Automotive service writing tips

People may decline repairs for numerous reasons. Be Confident and Convinced A technician tells you the service manager that a vehicle should receive a certain new part or a maintenance service that you may not fully understand all the details as to why. Do you rush over to price it up and sell it?

Automotive service writing tips

Automotive repair is an odd business, although it is a retail business, it is also a service business, and very few rules of the retail trade will apply. More decisions are made by customers based on things that are hard to measure - such as loyalty, trust, comfort, convenience, and style.

The culture of an individual automotive repair shop, and how well it meshes with the culture of the majority of their customers, will win or lose more business for you than the fancy labels on the boxes or the logos on the signs outside.

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Customers may feel that for the most part, after they check in at the front counter of an automotive repair shop and surrender their keys, their vehicle will disappear into a big black hole and maybe emerge better than before, or maybe not.

Most of what goes on inside that big black hole Automotive service writing tips not the least bit interesting to them, but they feel very strongly about the results they expect at the other end of the transaction. The point of contact between their vehicle disappearing and re-emerging is the service writer at the front counter, and that is the person expected to make sure the process happens to the expectations of the customer.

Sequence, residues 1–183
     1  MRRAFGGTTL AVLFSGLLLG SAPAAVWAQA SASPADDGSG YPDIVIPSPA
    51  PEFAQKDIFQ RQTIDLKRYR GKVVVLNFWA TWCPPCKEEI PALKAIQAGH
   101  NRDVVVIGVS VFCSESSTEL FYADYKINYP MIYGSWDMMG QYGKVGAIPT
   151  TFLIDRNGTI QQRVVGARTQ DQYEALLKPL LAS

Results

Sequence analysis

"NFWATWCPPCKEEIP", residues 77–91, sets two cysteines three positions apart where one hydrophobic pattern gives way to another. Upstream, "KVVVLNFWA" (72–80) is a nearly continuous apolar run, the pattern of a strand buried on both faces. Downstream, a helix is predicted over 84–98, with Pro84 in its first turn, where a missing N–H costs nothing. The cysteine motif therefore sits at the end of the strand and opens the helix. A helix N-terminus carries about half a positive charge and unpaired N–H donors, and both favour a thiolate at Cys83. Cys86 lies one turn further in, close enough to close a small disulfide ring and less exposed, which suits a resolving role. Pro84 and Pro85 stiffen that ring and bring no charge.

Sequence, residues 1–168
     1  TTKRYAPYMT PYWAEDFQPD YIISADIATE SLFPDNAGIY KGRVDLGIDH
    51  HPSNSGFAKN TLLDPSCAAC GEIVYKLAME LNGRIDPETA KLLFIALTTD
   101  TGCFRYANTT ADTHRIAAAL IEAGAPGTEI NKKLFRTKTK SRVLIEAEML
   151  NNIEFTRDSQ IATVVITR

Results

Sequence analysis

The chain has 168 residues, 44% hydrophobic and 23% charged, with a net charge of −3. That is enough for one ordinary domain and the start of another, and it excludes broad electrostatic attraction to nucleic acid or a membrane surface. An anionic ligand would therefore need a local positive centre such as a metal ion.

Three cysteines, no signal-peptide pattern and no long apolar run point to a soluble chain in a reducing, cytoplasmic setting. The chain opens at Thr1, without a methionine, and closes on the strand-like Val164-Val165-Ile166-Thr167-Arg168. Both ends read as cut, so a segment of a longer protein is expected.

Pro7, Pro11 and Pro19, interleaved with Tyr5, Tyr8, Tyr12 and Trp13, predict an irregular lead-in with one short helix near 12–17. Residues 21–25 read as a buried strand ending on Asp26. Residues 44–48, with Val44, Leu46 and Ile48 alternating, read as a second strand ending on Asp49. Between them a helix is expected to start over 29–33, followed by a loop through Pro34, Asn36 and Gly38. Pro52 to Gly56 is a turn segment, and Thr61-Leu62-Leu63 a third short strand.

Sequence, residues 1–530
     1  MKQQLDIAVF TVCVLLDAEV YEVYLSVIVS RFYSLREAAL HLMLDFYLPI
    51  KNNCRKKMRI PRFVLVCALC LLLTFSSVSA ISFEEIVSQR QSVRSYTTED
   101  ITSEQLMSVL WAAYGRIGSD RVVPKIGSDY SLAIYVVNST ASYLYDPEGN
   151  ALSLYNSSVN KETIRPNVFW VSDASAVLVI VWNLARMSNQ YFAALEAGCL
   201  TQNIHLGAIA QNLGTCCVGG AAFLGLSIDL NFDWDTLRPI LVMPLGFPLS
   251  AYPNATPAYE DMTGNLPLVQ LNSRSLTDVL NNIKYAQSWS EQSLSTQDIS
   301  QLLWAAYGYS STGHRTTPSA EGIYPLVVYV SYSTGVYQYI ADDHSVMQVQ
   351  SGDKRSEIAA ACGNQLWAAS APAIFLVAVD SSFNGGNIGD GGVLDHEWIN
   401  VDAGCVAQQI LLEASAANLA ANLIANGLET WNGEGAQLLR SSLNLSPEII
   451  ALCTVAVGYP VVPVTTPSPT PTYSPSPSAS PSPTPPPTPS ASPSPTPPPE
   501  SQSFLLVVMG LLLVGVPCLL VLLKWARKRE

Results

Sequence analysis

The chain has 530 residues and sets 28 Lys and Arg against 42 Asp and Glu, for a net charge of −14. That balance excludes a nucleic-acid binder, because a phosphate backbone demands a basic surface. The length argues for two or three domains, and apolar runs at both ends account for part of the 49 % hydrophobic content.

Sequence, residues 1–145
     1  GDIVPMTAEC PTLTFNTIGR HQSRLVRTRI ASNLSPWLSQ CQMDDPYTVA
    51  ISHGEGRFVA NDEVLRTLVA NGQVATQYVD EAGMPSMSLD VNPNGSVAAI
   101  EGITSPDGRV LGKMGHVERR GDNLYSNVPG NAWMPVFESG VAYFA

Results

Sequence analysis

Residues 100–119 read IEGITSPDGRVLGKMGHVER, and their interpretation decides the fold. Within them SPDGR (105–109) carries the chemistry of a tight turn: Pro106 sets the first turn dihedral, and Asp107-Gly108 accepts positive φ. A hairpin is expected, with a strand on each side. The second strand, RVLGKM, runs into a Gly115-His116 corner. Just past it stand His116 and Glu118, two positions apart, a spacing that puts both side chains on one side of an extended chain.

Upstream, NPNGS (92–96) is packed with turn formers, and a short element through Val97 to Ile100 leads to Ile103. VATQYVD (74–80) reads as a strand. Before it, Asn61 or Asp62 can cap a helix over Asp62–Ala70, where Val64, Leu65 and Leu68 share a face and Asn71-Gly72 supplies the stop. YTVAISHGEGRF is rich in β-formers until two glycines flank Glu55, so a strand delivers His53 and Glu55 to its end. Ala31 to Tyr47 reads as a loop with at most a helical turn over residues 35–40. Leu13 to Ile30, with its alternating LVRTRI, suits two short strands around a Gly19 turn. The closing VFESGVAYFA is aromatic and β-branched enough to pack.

We are so dependant on interpersonal relationships at every point in this process. Every step involves communication. Just thinking about it makes me an owner twitch and sweat and lose sleep. Every thing that happens depends on your service writer paying attention, taking everything seriously, following up, and completing the needed steps so you can make money.

Sorry, did I let it slip we were in business to make money? Well, just because we are in it to make money, does not mean that bad things need to happen. If bad things kept happening, we would not make money, so for the most part businesses are interested in doing good things, and being rewarded with money.

However, here are five ways the service writer can fail you - you, being either the customer or the owner, and what you can do to watch out for these problems.

I had a service writer, a friendly guy in his early 40s. He was pleasant and energetic and people seemed to like him. For a while I would run a test to find out what kind of music our customers mostly liked the best.

#5 - does not take money seriously

I tried putting the radio station in the lobby on a classical station, a pop station, a rock station, and a talk radio station. I got the most positive response from a station that plays entirely "classic rock" Led Zeppelin, Aerosmith, Pink Floyd. It's not for everyone, but it's for most everyone in our target audience.

Anyone between the ages of 32 and 55 can probably sing "Free bird" or at least know what it means when someone screams "Free bird! The nice man at the front counter was in the process of ringing out a customer, a very young lady who was somewhere between the ages of 19 and She was in for an oil change, and during the ringing-out process, we actually go through a series of steps where we explain quite a bit - how many quarts of oil we used, when the next service is due, any special notes about the vehicle like leaks or funny noises, what condition the tires and belts were in, and ask if the customer has any questions before taking their money.